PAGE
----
Gas turbines and combined cycle power plants

The gas turbine has seen a recent and meteoric rise in popularity within the power generation industry. Until the end of the 1960s gas turbines were almost exclusively the preserve of the aviation industry. During the 1970s and 1980s they started to find favour as standby and peak power units because of their facility for rapid start-up. It was during the 1990s, however, that they became established, so that by the end of the twentieth century the gas turbine had become one of the most widely used prime movers for new power generation applications - both base load and demand following - virtually everywhere. It has been suggested that gas turbines could account, for example, for 90% of new capacity in the USA in the next few years.

A number of factors contributed to this change of fashion. Deregulation of gas supplies, particularly in the Europe and the USA, and the rapid expansion of natural gas networks have increased the availability of gas while conspiring to keep prices of natural gas low. More and more stringent emission-control regulations have pushed up the cost of coal-fired power plants making relatively pollutant-free natural gas look more attractive. Power sector deregulation has also contributed, by attracting a new type of generating company seeking quick returns. Gas-turbine-based power stations can be built and commissioned extremely rapidly because they are based around standardised and often packaged units and the capital cost of gas turbines has fallen steadily, making then economically attractive to these companies.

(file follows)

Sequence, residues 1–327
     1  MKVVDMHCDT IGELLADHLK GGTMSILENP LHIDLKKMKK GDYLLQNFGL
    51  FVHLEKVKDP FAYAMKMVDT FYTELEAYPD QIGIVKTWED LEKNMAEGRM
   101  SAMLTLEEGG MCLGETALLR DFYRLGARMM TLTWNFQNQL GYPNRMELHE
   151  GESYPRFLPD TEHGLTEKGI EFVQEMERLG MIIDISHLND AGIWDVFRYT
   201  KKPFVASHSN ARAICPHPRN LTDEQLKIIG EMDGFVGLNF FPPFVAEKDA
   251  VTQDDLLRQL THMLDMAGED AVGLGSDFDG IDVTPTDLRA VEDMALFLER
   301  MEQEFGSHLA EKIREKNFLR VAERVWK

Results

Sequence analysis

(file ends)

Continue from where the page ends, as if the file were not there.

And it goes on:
The most potent factor, however, has been the development of the combined cycle power plant. This configuration, which combines gas and steam turbines in a single power station, can provide a cheap, high-capacity, high-efficiency power generation unit with low environmental emissions. With net conversion efficiencies of the largest plants now around 50%, and with manufacturers claiming potential efficiencies of 55% or more in plants incorporating their latest machines, the combined cycle plant offers power generating companies a product that seems to promise the best of economic and environmental performance that technology can currently offer.

This unrestrained popularity has occasionally led power generating companies into difficulties. In the UK, for example, there was a significant move towards gas-fired combined cycle power plants during the 1990s. New market regulations introduced at the end of the decade led to a marked fall in electricity prices and may combined cycle plants could no longer generate power economically.

This inconvenient conspiracy of economic factors highlights the main factors in the gas turbine for power generation equation. Gas turbines are cheap but the fuel they burn, normally natural gas, is relatively expensive. The economics of gas-based generation is therefore extremely sensitive to both electricity and to gas prices. Gas turbines can burn other fuels, distillate or coal-bed methane for example. However the modern boom is based on natural gas and it is upon this that their continued progress will rest.

Solar Stirling Engine Basics Explained

Solar Stirling Engine Basics Explained

The solar Stirling engine is progressively becoming a viable alternative to solar panels for its higher efficiency. Stirling engines might be the best way to harvest the power provided by the sun. This is an easy-to-understand explanation of how Stirling engines work, the different types, and why they are more efficient than steam engines.

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